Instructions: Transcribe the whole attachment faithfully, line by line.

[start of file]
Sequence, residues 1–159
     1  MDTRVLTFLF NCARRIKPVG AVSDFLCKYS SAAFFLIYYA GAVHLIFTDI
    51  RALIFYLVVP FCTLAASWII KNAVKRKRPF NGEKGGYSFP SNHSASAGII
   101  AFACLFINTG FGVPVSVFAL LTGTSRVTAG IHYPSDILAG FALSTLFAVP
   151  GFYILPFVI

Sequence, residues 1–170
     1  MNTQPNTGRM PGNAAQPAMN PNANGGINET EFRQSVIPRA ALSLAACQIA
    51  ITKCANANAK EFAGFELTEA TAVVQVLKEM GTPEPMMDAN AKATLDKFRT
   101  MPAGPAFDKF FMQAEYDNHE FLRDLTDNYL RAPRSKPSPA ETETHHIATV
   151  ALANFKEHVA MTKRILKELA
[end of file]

Sequence, residues 1–159
     1  MDTRVLTFLF NCARRIKPVG AVSDFLCKYS SAAFFLIYYA GAVHLIFTDI
    51  RALIFYLVVP FCTLAASWII KNAVKRKRPF NGEKGGYSFP SNHSASAGII
   101  AFACLFINTG FGVPVSVFAL LTGTSRVTAG IHYPSDILAG FALSTLFAVP
   151  GFYILPFVI

Sequence, residues 1–170
     1  MNTQPNTGRM PGNAAQPAMN PNANGGINET EFRQSVIPRA ALSLAACQIA
    51  ITKCANANAK EFAGFELTEA TAVVQVLKEM GTPEPMMDAN AKATLDKFRT
   101  MPAGPAFDKF FMQAEYDNHE FLRDLTDNYL RAPRSKPSPA ETETHHIATV
   151  ALANFKEHVA MTKRILKELA